“When people see how to reliably access new information using Google, they become less likely to store that information in their own memory,” the authors concluded.
The problem was not that the Googlers had failed in their online research. Researchers confirmed that the Googlers had found the exact same information that other study participants had been given to read. For example, participants would receive the following instruction: “Topic: Autism Treatment Options. Please search online for the apa.org page with the text about this topic to confirm details about it.” They were reminded that the quiz questions would be based on the information from the website. Participants searched for the article and read it. To prove they had navigated to the correct place, participants had to copy and paste the URL from the website they accessed.
The researchers also tested whether there was a difference between Googling and clicking on internet links. The links sent people directly to the web pages that had the correct information. Again, the Google searchers lost; they performed worse on an assessment than those who accessed the exact same information through a link.
Across five different experiments, those who searched the internet not only scored lower in a quiz, but they were also just as confident that they had mastered the material. In some cases, the Google searchers were significantly more confident.
There are two lessons from this study. The first is that the stuff we’re Googling isn’t sticking in our memories and is quickly forgotten. It’s far more direct proof of the Google effect than the earlier trivia studies. The second lesson is that we are also overestimating how much we’ve learned from Google searches. That overconfidence is bad for learning because if we think we already know something, we might study less.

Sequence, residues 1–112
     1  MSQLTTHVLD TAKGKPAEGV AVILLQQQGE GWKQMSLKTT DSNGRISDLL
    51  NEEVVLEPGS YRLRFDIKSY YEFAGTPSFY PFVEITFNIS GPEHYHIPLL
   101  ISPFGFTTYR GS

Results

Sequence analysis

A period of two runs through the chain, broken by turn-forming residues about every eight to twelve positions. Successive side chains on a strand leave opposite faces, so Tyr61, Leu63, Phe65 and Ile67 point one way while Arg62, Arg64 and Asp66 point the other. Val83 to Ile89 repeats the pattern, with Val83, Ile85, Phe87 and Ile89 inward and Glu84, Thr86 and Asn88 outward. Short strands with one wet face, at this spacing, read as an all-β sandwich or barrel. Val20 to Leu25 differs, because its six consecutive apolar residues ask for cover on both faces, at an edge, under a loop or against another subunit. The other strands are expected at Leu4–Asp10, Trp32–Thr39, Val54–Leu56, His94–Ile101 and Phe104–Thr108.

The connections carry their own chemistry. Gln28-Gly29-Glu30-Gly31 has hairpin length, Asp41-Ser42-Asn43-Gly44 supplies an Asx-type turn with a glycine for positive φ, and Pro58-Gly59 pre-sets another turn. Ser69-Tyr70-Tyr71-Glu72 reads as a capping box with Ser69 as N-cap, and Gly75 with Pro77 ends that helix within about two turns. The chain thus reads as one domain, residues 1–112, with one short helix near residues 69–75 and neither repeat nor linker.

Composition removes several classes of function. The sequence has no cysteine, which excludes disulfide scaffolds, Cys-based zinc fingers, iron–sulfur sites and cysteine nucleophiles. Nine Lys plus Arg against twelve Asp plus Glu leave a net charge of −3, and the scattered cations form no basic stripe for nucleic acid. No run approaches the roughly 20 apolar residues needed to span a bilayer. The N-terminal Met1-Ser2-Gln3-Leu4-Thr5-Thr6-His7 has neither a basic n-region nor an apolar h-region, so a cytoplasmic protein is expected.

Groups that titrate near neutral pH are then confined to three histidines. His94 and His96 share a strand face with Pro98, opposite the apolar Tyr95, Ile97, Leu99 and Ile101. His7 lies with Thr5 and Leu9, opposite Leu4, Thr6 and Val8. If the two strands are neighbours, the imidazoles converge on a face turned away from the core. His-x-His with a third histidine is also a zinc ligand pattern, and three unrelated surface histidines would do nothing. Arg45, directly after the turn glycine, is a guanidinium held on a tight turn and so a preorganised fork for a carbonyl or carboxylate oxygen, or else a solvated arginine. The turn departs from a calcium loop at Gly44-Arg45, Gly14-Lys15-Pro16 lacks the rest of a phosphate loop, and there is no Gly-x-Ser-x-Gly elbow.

Peps McCrea, a U.K. educator and a writer, brought this Google search study to my attention in his newsletter, “Evidence Snacks.” His advice to teachers: “Where possible, it’s probably best that we ‘just teach it’ rather than getting our students to ‘just Google it’.”
That advice runs counter to the notion that students generally learn best when they discover answers for themselves. By no means does this study suggest that all inquiry learning is wrongheaded, but it certainly does suggest that there is a time and place for direct, explicit instruction – especially when the alternative is having students conduct research themselves over the internet.
McCrea also highlighted another 2021 paper, which suggests better ways to use Google. In “Answer First or Google First? Using the Internet in ways that Enhance, not Impair, One’s Subsequent Retention of Needed Information,” study participants who attempted a computer programming task before consulting Google for help outperformed participants who were allowed to search Google right away.
The benefit of attempting a problem before Googling was larger for people who already had computer programming experience. That’s consistent with a large body of cognitive science research that shows the importance of prior knowledge. Without it, it’s hard to absorb new information because we can’t connect it to what we already know. (Socrates had a point; knowing things matters for learning.)
But human nature is to do the opposite and Google before trying. In a 2022 paper, Thinking first versus googling first: Preferences and consequences, the same authors confirmed that people have better recall when they think before they Google, but four out of five participants preferred to Google first. It might seem strange that thinking first helps even if you don’t know the answer. But that’s consistent with research dating back decades showing that even a failed attempt to remember something can boost the learning of new information. An initial act of thought helps to facilitate the formation of memories.
These studies don’t resolve the old debate of what we ought to memorize that engaged Socrates and Einstein. But it seems worthwhile to pause before Googling and take a guess. Even a wrong guess may help you remember the right information after you Google. And who knows, maybe the arcana will add to your reservoir of knowledge and will ultimately help you learn something far more worthwhile.
This story about the Google effect was written by Jill Barshay and produced by The Hechinger Report, a nonprofit, independent news organization focused on inequality and innovation in education. Sign up for Proof Points and other Hechinger newsletters.